Pete DuPont: An Energy Strategy That Makes Sense

By July 30, 2007Energy

Congress is heading in the wrong direction on energy, former Delaware Governor Pete DuPont observes in today’s, offering a cogent summary of energy policy is off the tracks. The United States needs to be able to build oil refineries, make use of coal, and expand nuclear power, he argues. And stop restricting access to our domestic energy supplies!

The U.S. has substantial supplies of oil and gas that could be accessed if lawmakers would allow it, but they frequently don’t. A National Petroleum Council study released last week reports that 40 billion barrels of America’s “recoverable oil reserves are off limits or are subject to significant lease restrictions”–half inshore and half offshore–and similar restrictions apply to more than 250 trillion cubic feet of natural gas. (We consume about 22 trillion cubic feet a year.)

Access to the 10 billion barrels of oil in Alaska’s Arctic National Wildlife Reserve has been prohibited for decades. Some 85 billion barrels of recoverable oil and 420 trillion cubic feet of natural gas exist on the Outer Continental Shelf, but a month ago the House again, as it did last year, voted down an amendment that would have allowed the expansion of coastal drilling for oil and natural gas. All of which leaves the U.S. as the only nation in the world that has forbidden access to significant sources of domestic energy supplies.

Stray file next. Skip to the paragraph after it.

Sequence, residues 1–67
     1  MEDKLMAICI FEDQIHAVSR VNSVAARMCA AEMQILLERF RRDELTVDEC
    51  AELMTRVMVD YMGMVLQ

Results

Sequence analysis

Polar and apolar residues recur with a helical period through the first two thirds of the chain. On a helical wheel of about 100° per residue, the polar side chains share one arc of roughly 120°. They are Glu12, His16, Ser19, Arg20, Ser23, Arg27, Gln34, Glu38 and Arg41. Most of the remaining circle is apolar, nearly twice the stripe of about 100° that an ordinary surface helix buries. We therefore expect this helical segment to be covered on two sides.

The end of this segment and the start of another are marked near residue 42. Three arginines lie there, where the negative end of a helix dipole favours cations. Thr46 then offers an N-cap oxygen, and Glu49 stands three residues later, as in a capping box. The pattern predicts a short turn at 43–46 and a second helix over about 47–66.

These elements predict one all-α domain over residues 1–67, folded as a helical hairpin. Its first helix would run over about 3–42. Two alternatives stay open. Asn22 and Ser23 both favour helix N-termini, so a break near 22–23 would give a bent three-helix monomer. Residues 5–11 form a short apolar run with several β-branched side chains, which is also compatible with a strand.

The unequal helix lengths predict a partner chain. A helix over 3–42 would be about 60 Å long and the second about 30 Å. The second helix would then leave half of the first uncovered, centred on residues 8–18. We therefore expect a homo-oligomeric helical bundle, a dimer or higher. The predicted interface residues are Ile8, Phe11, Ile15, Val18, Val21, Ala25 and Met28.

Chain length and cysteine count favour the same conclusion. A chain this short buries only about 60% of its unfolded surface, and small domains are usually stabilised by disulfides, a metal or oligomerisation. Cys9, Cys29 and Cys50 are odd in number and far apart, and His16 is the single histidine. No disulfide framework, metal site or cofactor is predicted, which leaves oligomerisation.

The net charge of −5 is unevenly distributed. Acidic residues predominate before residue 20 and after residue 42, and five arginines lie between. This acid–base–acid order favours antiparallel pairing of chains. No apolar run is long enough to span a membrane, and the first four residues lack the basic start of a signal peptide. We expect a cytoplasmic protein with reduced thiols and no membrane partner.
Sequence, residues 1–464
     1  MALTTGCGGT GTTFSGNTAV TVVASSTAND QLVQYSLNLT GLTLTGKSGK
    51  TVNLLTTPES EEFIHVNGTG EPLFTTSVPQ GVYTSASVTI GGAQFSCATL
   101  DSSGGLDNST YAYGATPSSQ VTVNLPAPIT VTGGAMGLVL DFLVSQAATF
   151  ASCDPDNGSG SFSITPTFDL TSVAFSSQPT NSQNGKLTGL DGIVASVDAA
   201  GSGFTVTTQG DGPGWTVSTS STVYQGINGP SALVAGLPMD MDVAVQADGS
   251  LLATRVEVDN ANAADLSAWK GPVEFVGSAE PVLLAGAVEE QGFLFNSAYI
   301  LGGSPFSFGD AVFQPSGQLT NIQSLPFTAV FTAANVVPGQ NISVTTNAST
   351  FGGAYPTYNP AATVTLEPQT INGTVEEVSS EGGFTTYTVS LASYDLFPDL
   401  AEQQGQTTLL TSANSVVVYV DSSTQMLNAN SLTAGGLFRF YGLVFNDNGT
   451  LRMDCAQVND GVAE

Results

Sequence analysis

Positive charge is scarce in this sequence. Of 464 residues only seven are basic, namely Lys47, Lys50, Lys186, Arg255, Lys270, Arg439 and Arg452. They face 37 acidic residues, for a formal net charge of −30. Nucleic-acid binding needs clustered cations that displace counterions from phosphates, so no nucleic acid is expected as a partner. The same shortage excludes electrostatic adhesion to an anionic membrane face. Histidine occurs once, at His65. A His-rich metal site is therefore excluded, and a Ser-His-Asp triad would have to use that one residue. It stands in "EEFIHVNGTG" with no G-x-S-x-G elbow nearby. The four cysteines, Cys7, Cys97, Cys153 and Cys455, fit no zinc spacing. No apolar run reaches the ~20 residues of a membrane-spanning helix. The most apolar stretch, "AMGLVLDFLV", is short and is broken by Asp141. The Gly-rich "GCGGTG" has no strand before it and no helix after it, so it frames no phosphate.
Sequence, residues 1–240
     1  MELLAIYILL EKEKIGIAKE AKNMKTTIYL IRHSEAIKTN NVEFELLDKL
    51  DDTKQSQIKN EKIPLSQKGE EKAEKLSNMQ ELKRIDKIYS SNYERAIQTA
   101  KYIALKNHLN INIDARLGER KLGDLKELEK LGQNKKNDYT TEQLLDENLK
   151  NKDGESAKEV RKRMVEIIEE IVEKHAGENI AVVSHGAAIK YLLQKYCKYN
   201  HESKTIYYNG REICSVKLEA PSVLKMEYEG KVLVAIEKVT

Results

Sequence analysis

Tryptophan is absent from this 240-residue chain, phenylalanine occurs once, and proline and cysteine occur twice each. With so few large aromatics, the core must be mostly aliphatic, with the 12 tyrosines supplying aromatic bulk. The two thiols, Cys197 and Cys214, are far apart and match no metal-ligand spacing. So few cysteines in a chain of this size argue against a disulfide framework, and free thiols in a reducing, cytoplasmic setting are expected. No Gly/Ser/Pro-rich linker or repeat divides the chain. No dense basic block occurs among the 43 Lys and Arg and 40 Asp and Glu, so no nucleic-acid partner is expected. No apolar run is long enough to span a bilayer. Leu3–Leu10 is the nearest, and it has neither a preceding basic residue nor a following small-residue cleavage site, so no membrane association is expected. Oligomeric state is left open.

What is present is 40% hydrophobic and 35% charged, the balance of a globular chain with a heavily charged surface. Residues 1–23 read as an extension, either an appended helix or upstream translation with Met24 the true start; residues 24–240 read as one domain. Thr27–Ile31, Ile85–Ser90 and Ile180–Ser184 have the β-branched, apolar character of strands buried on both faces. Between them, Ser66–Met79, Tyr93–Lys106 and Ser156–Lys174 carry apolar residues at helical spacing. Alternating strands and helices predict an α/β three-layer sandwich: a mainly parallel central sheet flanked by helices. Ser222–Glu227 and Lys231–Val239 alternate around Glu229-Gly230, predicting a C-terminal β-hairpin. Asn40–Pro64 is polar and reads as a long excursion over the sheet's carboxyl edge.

Then the Senate voted in June to mandate a reduction in projected future oil usage of 10 million barrels a day, or 35%, which, since our domestic oil production is declining, means less imports. In other words, Congress wants to block drilling for more American oil while at the same time blocking the importation of oil — not a rational energy policy.

Which drives home his point that any “energy crisis” is more a crisis of politics.

DuPont is chairman of the National Center for Policy Analysis, and the National Petroleum Council’s report he cites is available here.

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